"The Book of the Bizarre" is a collection of facts, half-facts, speculations, fiction and outright falsehoods that was not so much written or compiled but excreted.
It reminded me of Jamie Lee Curtis' rant to her dumb boyfriend in "A Fish Called Wanda": "Now, let me correct you on a couple of things, OK? Aristotle was not Belgian. The central message of Buddhism is not `Every man for himself.' And the London Underground is not a political movement. Those are all mistakes, Otto. I looked them up."
In the case of "Bizarre," I want to tell Varla Ventura that Led Zepplin did not sell their souls to the devil for a recording contract; that cannibal Alfred Packer's first name is not "Alferd"; that Mary Shelley did not snatch her husband's heart from his funeral pyre -- she wasn't even there; that the Locusta who may have poisoned the Emperor Claudius was not Nero's mother, that was Agrippina; and that Michelangelo most emphatically did not carve David "while waiting for his editor to approve his novel, a thriller called `Chislers in Florence.'"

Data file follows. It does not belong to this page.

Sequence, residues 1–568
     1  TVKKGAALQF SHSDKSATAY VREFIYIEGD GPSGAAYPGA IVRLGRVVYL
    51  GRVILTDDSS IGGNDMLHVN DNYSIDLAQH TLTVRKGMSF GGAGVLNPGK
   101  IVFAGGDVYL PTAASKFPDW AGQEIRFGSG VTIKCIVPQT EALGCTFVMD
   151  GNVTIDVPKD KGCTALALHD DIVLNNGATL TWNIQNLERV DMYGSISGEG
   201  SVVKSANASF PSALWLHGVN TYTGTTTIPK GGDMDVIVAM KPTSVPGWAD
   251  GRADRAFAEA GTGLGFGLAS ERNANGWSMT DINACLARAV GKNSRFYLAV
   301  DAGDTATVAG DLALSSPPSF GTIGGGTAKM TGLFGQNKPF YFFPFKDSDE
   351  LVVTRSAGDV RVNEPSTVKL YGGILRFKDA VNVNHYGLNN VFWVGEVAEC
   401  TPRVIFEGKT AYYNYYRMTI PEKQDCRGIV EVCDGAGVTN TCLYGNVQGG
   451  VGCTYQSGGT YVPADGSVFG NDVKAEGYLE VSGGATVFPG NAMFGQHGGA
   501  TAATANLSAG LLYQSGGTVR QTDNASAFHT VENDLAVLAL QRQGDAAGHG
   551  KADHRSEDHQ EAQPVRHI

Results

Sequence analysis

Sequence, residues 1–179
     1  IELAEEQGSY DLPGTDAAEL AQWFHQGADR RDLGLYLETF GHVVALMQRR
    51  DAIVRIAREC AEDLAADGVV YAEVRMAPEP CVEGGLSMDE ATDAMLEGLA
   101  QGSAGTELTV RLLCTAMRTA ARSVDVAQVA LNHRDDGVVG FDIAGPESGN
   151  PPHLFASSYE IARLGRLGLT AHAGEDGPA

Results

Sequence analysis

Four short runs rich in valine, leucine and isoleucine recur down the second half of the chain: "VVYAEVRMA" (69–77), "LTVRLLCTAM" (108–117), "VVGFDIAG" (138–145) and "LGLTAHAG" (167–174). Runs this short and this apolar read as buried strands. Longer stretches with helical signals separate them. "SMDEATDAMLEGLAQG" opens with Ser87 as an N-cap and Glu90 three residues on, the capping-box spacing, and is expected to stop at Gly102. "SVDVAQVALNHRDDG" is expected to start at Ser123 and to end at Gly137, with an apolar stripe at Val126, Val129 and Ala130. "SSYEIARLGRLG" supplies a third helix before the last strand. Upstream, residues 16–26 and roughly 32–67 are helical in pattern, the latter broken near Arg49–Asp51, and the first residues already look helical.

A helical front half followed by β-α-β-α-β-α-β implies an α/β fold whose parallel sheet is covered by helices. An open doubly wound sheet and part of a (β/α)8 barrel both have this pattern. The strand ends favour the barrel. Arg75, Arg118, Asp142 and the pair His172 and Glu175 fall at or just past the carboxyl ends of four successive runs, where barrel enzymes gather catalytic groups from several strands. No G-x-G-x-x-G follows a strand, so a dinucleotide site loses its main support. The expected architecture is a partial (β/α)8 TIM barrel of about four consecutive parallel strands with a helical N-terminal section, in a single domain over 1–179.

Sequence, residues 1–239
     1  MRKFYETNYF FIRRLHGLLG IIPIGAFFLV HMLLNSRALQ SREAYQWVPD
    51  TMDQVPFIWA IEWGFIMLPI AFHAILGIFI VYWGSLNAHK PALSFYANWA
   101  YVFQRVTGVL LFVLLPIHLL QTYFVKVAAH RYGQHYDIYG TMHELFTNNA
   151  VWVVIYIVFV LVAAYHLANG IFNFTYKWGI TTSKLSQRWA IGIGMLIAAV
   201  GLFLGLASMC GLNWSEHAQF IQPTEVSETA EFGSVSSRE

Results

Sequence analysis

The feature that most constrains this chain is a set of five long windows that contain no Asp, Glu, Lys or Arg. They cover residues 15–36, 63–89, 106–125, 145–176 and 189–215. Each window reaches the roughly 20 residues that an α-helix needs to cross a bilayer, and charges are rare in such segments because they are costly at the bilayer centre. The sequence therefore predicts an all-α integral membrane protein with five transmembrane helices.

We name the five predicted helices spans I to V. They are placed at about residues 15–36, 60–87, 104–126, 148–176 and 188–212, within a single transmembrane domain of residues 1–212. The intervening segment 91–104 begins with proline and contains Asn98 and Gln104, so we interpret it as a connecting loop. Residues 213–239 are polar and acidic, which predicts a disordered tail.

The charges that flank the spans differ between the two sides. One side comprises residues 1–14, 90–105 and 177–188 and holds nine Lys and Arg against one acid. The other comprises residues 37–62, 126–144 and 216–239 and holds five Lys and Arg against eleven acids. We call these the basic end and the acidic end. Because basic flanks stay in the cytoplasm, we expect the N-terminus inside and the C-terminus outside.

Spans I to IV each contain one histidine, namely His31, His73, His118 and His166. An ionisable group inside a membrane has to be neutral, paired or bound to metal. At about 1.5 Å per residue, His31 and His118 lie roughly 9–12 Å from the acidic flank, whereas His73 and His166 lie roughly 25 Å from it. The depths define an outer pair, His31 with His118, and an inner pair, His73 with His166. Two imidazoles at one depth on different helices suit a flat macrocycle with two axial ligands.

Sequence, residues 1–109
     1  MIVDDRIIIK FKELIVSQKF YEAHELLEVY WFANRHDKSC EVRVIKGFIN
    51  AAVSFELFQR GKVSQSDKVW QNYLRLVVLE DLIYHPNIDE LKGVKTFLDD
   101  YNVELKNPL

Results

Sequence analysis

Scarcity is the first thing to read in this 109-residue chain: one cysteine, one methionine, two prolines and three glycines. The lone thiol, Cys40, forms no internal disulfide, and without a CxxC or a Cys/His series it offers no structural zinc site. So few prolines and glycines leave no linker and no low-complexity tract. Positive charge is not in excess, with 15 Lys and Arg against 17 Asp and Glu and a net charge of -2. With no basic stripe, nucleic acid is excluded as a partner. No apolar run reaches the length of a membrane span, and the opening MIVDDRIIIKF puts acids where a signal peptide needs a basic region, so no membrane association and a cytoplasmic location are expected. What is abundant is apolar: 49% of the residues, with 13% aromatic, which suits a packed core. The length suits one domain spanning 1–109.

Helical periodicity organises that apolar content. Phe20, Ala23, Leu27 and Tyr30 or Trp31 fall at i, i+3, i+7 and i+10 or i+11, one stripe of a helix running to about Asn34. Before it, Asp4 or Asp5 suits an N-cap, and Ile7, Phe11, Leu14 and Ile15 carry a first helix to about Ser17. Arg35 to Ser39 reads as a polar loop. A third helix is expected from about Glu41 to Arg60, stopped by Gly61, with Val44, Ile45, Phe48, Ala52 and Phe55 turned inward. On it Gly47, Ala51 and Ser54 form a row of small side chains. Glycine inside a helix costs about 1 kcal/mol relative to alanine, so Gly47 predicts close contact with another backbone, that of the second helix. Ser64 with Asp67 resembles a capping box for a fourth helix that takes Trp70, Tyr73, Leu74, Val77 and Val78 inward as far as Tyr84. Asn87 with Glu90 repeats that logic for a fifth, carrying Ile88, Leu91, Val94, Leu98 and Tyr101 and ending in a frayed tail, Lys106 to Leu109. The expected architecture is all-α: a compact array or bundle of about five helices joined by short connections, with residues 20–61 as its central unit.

A glance at the bibliography indicates that Ventura harvested other trivia books for her material, including Michael Largo's excellent "Genius and Heroin: The Illustrated Catalogue of Creativity, Obsession, and Reckless Abandon Through the Ages," which is like using Kobe beef to make White Castle burgers. She also listed one book twice, one book incorrectly, and despite an extensive list of websites, forgot Gullible.info, from which I found the suspect "duck dander" law, verbatim.
She also has a deaf ear for prose. Discussing poisonings, Ventura writes that, "People have used this silent but deadly method of murder for hundreds of years." The mind reels not only at the thought of "hundreds of years" (only?), but the conjoining of murder with farts. One also wonders why she thought the death of Aldous Huxley and John F. Kennedy on the same day was bizarre, or that Hemingway and Hart Crane were born on the same day and committed suicide. I suppose, to fill out a book, one's standards tend to ease.
I have no objection to nonsense. It can be an entertaining and amusing way to pass the time. But if you're selling flapdoodle, it should be Grade A flapdoodle. This is not. Reading "The Book of the Bizarre" will only make you dumber.